WHILST. I didn't take up the
pen to complain about Paula Davies' chit chat on "chars" (November 8), I was delighted to see that Mrs. Butler of Poole did (December 2), and no doubt she spoke for many of us. It is all too often because these two-income families push up the price that mothers of families in time of sickness etc. are unable to obtain help at anything like the price they can afford, except for some dedicated types, and 1 count myself privileged to have met more than one of these in times of distress.
However, it is her article this week that has very nearly put me in the "Disgusted" class with a threat to stop the paper all together. We can read, hear and watch plenty of this intellectual cynicism and if your paper has space to spare I'd rather have a page less. But to be fair to any secular publication I have rarely seen a more unkind or offensive Article or a more vulgar heading. I fail to see what interest it is to the rest of your readers how one family behaves. At all events I am sure Paula Davies' family must now be in no doubt where NOT to spend their Christmas. Not to be able to enter into the spirit of Christmas as seen through the eyes of a child is to most people surely a great emptiness.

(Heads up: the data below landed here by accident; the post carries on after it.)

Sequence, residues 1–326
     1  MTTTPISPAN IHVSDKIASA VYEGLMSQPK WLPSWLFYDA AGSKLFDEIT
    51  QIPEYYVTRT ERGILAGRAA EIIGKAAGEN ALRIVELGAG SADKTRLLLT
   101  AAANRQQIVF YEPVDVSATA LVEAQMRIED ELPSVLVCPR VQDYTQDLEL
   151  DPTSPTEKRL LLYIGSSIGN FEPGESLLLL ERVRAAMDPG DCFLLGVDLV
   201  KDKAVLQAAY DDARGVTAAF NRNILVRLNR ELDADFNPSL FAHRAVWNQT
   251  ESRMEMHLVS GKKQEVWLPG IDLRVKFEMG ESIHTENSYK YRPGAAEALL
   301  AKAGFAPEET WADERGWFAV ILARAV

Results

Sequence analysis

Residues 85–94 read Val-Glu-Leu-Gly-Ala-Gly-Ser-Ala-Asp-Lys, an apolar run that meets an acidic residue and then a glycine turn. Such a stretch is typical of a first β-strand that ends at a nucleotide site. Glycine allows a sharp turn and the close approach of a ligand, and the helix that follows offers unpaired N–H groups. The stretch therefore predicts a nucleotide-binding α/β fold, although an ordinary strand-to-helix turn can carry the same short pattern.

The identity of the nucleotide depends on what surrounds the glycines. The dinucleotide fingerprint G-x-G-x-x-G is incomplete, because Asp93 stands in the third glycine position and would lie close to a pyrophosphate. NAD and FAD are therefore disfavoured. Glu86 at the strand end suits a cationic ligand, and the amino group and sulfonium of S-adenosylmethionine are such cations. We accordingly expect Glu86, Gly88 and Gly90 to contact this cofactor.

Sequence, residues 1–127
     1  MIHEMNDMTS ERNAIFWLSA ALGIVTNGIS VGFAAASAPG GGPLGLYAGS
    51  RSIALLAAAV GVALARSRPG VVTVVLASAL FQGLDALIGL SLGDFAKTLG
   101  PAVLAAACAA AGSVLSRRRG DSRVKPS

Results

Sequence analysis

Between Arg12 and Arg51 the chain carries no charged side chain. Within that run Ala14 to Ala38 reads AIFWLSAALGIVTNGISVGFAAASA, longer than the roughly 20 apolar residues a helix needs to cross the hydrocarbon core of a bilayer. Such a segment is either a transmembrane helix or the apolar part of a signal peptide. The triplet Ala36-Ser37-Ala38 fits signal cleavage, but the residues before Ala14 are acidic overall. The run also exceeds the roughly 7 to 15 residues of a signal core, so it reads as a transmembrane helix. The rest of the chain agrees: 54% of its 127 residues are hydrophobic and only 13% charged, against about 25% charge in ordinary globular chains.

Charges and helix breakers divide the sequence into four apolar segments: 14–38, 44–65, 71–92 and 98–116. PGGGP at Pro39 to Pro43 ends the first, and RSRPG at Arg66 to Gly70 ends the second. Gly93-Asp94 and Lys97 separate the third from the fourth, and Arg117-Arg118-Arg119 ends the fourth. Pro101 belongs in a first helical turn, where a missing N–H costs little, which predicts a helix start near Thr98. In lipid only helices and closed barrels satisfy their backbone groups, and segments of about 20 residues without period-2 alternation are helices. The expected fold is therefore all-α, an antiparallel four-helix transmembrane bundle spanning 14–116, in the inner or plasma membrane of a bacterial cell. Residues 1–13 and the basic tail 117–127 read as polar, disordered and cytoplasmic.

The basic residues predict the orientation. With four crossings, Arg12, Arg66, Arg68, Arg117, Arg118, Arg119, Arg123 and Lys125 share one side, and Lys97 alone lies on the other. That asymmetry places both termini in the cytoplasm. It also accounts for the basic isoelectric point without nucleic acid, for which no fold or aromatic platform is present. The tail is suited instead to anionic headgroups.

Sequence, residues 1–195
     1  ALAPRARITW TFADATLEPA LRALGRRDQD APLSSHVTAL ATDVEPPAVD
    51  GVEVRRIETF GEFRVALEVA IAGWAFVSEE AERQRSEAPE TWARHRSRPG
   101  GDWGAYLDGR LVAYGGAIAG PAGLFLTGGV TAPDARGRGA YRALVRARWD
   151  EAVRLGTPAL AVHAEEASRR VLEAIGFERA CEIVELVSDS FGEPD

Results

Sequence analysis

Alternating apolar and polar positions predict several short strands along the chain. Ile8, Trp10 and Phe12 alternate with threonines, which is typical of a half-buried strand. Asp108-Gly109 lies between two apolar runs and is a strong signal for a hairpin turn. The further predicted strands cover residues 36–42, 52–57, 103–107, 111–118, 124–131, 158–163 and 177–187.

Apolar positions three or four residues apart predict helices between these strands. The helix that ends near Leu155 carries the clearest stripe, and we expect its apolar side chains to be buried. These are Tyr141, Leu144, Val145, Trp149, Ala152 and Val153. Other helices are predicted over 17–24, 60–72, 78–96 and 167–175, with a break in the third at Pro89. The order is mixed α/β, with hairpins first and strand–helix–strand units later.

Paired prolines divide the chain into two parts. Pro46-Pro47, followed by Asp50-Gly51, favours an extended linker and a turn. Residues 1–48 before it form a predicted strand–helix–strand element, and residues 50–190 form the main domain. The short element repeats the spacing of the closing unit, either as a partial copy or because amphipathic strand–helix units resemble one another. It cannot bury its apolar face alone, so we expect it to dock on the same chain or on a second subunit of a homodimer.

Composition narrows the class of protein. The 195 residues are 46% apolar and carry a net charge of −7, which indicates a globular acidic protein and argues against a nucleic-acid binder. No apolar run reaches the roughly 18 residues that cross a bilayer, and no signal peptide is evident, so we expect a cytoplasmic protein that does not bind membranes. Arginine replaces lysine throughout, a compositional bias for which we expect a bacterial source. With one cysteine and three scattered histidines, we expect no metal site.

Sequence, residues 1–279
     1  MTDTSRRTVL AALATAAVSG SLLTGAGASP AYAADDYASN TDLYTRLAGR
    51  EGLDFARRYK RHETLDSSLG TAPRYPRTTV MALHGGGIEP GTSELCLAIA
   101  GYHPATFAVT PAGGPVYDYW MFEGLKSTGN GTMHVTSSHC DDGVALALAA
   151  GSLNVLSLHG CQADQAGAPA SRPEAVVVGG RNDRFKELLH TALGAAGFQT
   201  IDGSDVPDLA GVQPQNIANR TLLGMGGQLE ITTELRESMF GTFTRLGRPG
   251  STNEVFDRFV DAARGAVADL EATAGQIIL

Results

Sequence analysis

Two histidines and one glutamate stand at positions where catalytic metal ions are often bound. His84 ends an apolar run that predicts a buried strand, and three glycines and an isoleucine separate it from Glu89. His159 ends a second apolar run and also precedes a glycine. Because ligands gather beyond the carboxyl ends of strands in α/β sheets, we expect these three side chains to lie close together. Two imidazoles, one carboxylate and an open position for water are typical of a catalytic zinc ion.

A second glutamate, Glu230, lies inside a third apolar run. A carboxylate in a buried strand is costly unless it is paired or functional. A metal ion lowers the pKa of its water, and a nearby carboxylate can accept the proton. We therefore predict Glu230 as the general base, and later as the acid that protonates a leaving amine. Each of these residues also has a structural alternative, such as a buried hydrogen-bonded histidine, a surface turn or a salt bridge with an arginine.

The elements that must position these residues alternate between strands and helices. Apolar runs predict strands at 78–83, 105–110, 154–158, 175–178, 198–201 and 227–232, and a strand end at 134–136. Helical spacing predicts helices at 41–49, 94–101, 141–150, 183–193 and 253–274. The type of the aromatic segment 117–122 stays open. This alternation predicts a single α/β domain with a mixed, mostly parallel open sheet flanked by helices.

Winifred White (Mrs.) Morden, Surrey.
MRS. BUTLER, do you have
to take Paula Davies so seriously (December 2)—even the Catholic Herald can afford a little light relief. Olga Hearn (Mrs.) London, N.W.5. IAGREE with the critic of Miss Paula Davies (December 2) that her insufferable attitudes to life are getting more than a little difficult to stomach. Her _latest article on "Liking or lumping it with the in-laws" (December 2) typifies the present generation's pompous manner of decrying "oldfashioned" ways or ideas as to how one should behave. If we daughters and daughters-in-law all behaved as Miss Paula Davies it would be a sham Christmas indeed!
You are either part of your family or not, and if you consider its members merely as a tiresome animal encumberance to be "endured" or "tolerated" in case feelings are hurt, then Christmas—with its emphasis on goodwill—has no meaning, since it is essentially a time of "togetherness", or, to phrase it more aptly for Miss Davies, a "putting up with one another."
That a Catholic could write about a "ritual purgatory" in entertaining one's own flesh and blood shows that the real self-centred person in this delicate affair of hospitality is surely her own ("look how beneficient I am!") self. No wonder her relatives are so vague as to whether they will spend the festive season as "guests" of the "mistress of the house."
As for carefree bachelors, protected in serene isolation from the shrieks of childish delight at 5 a.m. on Christmas morning, I more than suspect that their "beauty sleep" would be sacrificed any day for the joy of hearing "happy Christmas, Daddy."
Mary Roche (Another reasonably young thing) Highgate, N.6